What is the purpose of having a policies document for your music studio? (Or if you’d like to call them something else, that’s fine too!)
There are many! A studio policies document:
- Gives you a framework for how your music teaching studio works
- Sets expectations for your students about how your music teaching studio works
- Protects you and your students and families from misunderstandings about billing, schedule, snow days, make-ups, etc.
- Establishes you as a music professional running a business in your families’ minds – as opposed to a hobbyist musician who teaches on the side.
- Sets the initial boundaries and limits in your relationship with a student (For those of you who have taken “Creating a Profitable, No-Burnout Music Teaching Studio”, I am talking about territory).
I realized that for me personally, the boundary-setting piece is really important. In the same way that I set ground rules and boundaries for my 5 year old daughter, I set ground rules and boundaries for my students and families when I talk them through my studio policies. Both function better when they know what to expect and when their expectations are met. They know they can trust me to do what I say I will do, to deliver on my promises. For me, this fundamentally feeds into the trust my students have in me as a teacher. My students trust me every lesson when they come to learn a new song or a new concept from me. They even trust me when it’s difficult and they are struggling with something, because I say, “You’ll get it,” and they have learned that they can count on me to tell the truth.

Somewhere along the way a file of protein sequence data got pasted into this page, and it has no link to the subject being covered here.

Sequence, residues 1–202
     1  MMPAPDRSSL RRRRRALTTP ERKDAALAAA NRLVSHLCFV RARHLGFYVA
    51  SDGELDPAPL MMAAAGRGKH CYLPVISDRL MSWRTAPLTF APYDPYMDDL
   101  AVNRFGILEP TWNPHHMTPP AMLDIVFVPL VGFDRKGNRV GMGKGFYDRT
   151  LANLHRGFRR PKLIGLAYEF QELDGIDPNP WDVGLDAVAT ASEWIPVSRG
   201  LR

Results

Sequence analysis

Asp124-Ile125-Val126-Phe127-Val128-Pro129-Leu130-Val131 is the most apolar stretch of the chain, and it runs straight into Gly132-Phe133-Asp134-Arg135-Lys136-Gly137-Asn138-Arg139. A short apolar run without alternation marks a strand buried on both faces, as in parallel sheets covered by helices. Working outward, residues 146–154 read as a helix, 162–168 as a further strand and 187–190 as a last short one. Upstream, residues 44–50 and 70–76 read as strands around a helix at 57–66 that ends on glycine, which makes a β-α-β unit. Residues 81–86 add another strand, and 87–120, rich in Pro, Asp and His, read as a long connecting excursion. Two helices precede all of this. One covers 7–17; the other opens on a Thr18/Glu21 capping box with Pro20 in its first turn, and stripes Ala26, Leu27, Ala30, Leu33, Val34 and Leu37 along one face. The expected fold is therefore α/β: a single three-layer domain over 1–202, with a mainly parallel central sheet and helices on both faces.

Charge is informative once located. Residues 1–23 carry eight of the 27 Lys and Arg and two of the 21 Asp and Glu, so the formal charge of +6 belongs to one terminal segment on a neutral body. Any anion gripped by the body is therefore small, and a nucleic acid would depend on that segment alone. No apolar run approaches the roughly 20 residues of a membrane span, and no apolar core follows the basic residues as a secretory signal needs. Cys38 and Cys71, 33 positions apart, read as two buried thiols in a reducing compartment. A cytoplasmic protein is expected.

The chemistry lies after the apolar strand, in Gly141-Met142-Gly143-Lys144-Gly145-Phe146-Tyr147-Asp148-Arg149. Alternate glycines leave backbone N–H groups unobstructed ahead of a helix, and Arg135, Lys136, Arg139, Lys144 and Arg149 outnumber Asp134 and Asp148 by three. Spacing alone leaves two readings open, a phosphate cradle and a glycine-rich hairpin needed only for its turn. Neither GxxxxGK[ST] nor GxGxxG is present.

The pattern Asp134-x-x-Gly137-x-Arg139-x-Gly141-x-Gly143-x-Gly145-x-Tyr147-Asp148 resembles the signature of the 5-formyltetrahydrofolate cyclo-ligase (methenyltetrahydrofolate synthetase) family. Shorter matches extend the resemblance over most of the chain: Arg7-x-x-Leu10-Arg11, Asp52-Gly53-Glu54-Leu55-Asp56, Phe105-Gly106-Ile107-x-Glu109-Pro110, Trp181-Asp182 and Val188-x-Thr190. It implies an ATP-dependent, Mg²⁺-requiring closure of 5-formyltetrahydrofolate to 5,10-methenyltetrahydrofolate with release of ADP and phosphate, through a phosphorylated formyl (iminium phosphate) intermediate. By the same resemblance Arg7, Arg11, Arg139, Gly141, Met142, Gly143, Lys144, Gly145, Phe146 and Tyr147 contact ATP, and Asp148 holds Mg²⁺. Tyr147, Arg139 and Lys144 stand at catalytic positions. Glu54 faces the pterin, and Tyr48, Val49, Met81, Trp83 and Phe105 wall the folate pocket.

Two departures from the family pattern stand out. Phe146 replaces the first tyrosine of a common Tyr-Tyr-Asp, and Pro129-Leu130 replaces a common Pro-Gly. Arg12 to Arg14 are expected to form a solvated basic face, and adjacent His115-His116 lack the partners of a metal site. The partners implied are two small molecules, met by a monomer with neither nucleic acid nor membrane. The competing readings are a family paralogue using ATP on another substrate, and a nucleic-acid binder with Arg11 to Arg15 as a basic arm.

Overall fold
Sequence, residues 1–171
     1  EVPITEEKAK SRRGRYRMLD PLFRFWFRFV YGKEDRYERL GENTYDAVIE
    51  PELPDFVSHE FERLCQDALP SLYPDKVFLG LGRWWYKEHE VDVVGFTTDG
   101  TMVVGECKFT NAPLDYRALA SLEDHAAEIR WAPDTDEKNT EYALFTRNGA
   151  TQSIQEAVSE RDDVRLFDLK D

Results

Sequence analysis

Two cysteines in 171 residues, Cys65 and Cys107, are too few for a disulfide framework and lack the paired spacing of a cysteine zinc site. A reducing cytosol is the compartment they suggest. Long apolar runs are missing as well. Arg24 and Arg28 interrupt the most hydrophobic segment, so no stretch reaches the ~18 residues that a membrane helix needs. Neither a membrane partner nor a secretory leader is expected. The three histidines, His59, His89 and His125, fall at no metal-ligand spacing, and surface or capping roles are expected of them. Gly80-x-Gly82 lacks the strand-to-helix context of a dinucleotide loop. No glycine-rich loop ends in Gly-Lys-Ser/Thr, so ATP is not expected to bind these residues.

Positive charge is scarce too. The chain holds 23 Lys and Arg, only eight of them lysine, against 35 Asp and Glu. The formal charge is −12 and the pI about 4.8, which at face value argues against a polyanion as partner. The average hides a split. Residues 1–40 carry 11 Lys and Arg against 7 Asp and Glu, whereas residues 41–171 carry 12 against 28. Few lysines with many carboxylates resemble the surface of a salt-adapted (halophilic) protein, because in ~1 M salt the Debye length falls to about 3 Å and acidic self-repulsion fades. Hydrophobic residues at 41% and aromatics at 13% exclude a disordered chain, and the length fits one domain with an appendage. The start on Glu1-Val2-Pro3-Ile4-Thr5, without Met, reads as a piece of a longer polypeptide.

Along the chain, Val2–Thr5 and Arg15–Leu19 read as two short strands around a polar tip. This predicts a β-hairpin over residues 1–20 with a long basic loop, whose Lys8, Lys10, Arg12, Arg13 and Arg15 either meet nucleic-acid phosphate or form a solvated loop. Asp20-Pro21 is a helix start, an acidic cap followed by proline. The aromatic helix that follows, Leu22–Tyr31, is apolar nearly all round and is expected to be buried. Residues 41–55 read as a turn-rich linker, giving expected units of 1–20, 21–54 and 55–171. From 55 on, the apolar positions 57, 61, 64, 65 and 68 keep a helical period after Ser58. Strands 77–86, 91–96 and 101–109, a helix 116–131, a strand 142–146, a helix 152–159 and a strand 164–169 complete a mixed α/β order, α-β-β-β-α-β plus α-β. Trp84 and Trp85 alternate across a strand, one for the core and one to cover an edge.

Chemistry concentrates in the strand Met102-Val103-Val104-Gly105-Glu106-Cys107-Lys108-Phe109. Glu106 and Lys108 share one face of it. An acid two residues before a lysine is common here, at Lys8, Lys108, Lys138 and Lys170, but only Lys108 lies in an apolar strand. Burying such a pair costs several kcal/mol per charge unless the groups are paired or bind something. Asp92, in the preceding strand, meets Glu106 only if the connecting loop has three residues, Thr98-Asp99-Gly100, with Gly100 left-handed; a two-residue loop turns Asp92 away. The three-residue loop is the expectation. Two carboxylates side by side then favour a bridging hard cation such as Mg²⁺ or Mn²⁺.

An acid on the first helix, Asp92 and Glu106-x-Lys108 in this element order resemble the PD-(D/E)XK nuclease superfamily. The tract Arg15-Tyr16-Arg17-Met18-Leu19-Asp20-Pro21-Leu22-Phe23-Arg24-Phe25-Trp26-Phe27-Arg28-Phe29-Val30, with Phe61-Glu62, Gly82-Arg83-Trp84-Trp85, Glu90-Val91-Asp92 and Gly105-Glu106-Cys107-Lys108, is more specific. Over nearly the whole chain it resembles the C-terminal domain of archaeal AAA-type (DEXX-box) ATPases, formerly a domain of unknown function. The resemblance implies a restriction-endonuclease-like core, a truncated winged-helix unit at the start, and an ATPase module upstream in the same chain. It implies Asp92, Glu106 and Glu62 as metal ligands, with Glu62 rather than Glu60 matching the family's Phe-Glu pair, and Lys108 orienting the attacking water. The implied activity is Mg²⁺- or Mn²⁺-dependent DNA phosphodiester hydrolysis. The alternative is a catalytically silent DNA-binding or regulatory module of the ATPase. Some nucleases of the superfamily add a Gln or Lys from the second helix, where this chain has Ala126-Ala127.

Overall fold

Would you necessarily need a studio policies document to establish that kind of trust? I don’t know the answer. But I do know that in my studio, the establishment of territory and of trust is really important in the student-teacher-parent relationship. If you would like to create or revise the policies for your own music teaching studio, check out my online class, “Creating a Profitable, No-Burnout, Music Teaching Studio”.